New York Times best-selling author of The Joy Luck Club Amy Tan brings us her latest novel: a sweeping, evocative epic of two women's intertwined fates and their search for identity - from the lavish parlors of Shanghai courtesans to the fog-shrouded mountains of a remote Chinese village
Shanghai, 1912. Violet Minturn is the privileged daughter of the American madam of the city's most exclusive courtesan house. But when the Ching dynasty is overturned, Violet is separated from her mother in a cruel act of chicanery and forced to become a "virgin courtesan." Half-Chinese and half-American, Violet grapples with her place in the worlds of East and West - until she is able to merge her two halves, empowering her to become a shrewd courtesan who excels in the business of seduction and illusion, though she still struggles to understand who she is.
Back in 1897 San Francisco, Violet's mother, Lucia, chooses a disastrous course as a sixteen-year-old, when her infatuation with a Chinese painter compels her to leave her home for Shanghai. Shocked by her lover's adherence to Chinese traditions, she is unable to change him, despite her unending American ingenuity.
Fueled by betrayals, both women refuse to submit to fate and societal expectations, persisting in their quests to recover what was taken from them: respect; a secure future; and, most poignantly, love from their parents, lovers, and children. To reclaim their lives, they take separate journeys - to a backwater hamlet in China, the wealthy environs of the Hudson River Valley, and, ultimately, the unknown areas of their hearts, where they discover what remains after their many failings to love and be loved. Spanning more than forty years and two continents, The Valley of Amazement transports listeners from the collapse of China's last imperial dynasty to the beginning of the Republic and recaptures the lost world of old Shanghai through the inner workings of courtesan houses and the lives of the foreigners living in the International Settlement, both erased by World War II. A deeply evocative narrative of the profound connections between mothers and daughters, imbued with Tan's characteristic insight and humor, The Valley of Amazement conjures a story of inherited trauma, desire and deception, and the power and obstinacy of love.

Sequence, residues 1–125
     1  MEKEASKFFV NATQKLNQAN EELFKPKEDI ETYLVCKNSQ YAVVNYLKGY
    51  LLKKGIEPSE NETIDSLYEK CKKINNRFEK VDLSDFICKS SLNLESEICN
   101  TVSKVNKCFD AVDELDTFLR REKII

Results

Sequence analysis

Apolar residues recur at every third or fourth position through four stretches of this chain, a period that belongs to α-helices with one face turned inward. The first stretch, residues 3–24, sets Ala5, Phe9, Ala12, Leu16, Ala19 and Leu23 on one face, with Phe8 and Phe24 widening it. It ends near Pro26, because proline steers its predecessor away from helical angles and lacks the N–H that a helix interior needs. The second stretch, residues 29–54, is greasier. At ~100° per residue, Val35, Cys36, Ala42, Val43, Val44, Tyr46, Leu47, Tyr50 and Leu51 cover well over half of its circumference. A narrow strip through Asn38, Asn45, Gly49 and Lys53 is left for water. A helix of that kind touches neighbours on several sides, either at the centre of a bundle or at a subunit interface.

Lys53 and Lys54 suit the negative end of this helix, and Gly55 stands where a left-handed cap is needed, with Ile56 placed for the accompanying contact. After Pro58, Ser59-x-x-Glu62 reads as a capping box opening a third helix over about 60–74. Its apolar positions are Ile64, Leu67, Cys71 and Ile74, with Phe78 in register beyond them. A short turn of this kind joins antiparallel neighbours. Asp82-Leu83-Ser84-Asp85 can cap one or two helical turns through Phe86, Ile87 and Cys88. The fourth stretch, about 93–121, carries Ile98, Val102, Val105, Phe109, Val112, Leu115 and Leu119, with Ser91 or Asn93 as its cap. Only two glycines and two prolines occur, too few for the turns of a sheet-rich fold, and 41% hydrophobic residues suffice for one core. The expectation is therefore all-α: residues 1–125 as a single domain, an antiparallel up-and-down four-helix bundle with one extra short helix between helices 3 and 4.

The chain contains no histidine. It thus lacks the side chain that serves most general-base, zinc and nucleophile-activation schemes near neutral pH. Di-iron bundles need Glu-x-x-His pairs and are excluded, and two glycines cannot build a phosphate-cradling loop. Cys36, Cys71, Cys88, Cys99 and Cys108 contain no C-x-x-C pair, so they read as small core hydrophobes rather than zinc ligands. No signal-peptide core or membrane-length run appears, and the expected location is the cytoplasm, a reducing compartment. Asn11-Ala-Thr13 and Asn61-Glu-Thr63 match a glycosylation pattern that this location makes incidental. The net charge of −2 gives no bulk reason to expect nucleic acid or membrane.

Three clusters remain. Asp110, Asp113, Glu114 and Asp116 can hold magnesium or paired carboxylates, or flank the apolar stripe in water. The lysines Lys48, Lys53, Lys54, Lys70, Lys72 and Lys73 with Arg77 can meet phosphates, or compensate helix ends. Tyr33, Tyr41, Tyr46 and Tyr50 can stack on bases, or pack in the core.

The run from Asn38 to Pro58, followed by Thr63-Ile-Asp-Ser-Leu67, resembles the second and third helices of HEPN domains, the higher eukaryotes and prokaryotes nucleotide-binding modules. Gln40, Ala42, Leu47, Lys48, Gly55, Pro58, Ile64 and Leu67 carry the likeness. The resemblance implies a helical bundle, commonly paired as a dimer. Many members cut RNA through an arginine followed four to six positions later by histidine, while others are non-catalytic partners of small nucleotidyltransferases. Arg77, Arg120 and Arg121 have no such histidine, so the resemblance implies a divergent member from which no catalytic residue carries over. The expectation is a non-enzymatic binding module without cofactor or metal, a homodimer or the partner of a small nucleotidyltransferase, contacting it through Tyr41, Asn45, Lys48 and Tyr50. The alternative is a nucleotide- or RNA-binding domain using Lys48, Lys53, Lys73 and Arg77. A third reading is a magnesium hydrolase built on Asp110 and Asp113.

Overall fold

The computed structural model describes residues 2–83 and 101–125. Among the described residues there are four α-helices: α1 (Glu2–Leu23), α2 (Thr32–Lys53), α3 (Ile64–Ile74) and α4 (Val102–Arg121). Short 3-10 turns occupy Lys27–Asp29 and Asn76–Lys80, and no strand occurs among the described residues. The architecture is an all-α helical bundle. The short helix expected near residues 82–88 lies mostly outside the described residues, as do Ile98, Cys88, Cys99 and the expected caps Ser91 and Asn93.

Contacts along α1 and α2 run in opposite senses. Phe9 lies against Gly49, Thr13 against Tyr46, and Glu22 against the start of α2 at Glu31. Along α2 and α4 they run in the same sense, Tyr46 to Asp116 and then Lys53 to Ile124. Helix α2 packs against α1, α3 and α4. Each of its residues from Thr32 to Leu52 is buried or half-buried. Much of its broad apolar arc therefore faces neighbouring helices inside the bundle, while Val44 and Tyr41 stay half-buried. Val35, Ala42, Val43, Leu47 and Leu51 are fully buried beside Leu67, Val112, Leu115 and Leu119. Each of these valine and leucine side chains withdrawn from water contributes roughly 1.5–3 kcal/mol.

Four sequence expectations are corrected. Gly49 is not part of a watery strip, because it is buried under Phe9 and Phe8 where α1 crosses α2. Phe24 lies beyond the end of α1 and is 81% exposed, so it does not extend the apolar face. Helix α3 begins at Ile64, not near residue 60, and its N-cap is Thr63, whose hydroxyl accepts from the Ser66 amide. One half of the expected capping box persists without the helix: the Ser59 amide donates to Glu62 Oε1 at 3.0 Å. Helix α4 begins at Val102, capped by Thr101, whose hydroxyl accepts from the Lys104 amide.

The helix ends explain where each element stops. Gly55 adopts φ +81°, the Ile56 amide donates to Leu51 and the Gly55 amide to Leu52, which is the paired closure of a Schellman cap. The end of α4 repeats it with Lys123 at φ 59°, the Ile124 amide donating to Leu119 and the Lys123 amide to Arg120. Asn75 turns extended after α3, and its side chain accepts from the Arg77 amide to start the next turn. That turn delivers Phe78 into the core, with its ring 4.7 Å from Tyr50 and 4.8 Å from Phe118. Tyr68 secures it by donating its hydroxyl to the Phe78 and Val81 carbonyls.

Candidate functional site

©2013 Amy Tan (P)2013 Brilliance Audio, all rights reserved.
Amy Tan has been a favorite over the years for her colorful, misguided characters, the interplay between generations of women, the triumph over pain and abuse.
This book has the abuse and the misguided, but everything is so flat that I simply wanted to plug my ears with cotton and not hear anything for a while. Repetition abounds, wondering about whether the mother betrayed her daughter. How could a writer with Tan's skills come up with something on a topic like this and have it be so hopelessly boring?
Diane Setterfield, Bellman & Black
all of them
Exotic. Entertaining. Consuming. -- Amy Tan's gift for exposing and explaining human nature burns brightly in this book. As an American, I love reading these books to discover more about Chinese culture. Realizing how much we have in common, and how different our cultures are is always a treat, and an education. Amy's descriptions of even the most minute detail or feeling is artfully crafted with the main character, Violet. I always feel like a fly on the wall and can see the rooms these characters sit in as I glide through each pages. If you've never read an Amy Tan novel, you have truly missed out on a masterwork.
It is generic, and sad. I know that Any is a talented writer but she didn't use any of her talent in this book. No imagination, to wit, or charm.
Different narrators, get rid of the Disney chick, and wake Amy up before she reads.
Sadly, the unlikeable characters and their disturbing and unending stories make for a tough go.